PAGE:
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Easter tombs - a Mediaeval tradition
Tombs inside the church at Easter? That was a tradition that was very much frowned upon by Emperor Joseph II who, thus, promptly banned them. The custom of transforming the church chancel on Good Friday and Holy Saturday into a Holy Sepulchre originated way back in the Early Middle Ages and, after the death of the Emperor, the tradition was quickly rekindled and still exists today.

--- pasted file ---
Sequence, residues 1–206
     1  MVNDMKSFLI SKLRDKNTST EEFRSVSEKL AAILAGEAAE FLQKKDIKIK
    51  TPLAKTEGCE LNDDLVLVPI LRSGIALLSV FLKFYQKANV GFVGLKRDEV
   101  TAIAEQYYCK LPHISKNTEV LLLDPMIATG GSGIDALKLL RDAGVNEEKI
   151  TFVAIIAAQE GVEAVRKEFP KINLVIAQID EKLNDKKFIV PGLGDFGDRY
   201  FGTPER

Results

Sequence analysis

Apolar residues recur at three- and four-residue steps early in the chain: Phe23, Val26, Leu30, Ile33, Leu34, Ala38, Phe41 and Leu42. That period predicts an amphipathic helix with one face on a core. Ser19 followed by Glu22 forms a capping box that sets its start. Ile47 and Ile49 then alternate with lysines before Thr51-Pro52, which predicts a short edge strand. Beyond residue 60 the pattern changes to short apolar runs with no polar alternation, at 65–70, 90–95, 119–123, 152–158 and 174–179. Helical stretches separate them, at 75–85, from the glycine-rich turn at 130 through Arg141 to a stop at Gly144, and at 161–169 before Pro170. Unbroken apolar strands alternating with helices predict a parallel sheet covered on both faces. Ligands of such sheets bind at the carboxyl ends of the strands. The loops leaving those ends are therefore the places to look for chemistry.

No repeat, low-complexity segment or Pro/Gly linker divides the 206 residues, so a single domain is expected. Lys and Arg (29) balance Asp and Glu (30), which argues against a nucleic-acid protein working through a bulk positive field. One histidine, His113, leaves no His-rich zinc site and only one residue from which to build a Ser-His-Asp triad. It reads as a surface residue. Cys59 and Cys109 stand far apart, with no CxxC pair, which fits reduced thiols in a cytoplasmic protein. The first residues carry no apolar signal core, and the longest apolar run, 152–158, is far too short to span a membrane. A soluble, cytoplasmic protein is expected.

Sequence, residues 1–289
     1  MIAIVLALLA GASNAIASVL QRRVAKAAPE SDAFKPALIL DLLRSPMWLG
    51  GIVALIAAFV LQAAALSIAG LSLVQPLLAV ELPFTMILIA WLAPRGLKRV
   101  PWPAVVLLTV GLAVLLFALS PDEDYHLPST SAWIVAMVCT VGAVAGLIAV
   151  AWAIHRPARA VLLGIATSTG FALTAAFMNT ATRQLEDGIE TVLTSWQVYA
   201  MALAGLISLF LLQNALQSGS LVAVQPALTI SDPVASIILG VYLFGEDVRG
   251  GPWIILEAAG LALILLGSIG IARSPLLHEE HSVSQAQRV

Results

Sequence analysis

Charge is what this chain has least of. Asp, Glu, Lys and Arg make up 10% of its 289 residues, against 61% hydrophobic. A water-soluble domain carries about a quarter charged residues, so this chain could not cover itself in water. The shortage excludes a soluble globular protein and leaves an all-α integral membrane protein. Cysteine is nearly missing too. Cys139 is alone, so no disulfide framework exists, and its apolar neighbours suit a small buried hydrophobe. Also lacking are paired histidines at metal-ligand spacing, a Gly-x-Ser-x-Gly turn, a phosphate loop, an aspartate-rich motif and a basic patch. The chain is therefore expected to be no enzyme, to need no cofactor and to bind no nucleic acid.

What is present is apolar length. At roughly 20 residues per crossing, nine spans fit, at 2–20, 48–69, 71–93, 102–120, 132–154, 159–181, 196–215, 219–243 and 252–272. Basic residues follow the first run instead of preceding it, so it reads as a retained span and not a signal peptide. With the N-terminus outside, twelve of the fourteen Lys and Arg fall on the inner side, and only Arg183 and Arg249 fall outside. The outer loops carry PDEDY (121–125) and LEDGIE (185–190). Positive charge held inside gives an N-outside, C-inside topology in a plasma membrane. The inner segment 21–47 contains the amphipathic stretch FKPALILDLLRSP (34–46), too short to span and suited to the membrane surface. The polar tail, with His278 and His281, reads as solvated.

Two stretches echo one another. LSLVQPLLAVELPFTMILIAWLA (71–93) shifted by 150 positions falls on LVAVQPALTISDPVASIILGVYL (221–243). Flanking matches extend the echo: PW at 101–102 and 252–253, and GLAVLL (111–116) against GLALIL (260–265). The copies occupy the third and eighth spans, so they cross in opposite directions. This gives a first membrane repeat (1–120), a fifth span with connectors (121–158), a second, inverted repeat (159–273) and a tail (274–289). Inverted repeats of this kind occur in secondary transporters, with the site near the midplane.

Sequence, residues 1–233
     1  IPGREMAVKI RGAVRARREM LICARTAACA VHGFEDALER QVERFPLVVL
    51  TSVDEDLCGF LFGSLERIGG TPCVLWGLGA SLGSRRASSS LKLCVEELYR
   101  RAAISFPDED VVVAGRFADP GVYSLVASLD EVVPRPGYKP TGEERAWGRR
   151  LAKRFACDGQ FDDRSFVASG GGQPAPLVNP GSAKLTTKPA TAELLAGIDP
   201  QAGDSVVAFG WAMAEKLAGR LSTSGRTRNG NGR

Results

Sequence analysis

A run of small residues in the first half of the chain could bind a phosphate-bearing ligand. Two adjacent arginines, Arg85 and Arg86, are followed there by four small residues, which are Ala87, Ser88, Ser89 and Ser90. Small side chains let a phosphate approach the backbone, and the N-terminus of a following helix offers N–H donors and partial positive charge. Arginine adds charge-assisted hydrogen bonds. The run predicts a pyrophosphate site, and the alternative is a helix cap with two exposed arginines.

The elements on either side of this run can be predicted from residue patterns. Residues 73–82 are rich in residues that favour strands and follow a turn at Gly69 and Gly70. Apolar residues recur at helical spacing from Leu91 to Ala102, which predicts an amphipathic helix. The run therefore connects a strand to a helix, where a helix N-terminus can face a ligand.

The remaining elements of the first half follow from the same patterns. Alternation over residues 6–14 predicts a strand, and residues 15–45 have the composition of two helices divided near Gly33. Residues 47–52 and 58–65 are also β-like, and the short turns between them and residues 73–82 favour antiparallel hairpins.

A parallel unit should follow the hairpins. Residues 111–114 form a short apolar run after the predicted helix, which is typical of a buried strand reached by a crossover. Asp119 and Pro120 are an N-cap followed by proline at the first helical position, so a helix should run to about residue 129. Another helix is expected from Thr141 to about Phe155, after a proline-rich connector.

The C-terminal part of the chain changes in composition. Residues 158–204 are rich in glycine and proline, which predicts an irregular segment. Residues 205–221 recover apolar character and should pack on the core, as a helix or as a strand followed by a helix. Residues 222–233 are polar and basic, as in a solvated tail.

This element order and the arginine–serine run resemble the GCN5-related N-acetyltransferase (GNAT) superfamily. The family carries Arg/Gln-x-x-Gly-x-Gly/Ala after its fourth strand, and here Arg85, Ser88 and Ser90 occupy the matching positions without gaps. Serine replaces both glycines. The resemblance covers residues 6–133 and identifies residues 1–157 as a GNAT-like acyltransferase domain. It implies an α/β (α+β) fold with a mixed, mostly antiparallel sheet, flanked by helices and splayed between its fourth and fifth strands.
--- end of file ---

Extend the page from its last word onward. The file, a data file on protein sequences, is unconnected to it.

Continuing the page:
For some time now the practise of recreating the Holy Sepulchre has been enjoying increasing popularity. Tombs that have been in disuse for a long time are taken out of storage, restored and placed in position in the chancel, sometimes at the beginning of Holy Week, sometimes later on Maundy Thursday. They generally remain on display until Easter Monday, but sometimes even stay in place over the Octave of Easter, i.e. until the first Sunday after Easter.
The tradition is particularly observed in the villages of Axams, Igls, Patsch, Natters, Mutters, Götzens, Birgitz, Kematen and Oberperfuss.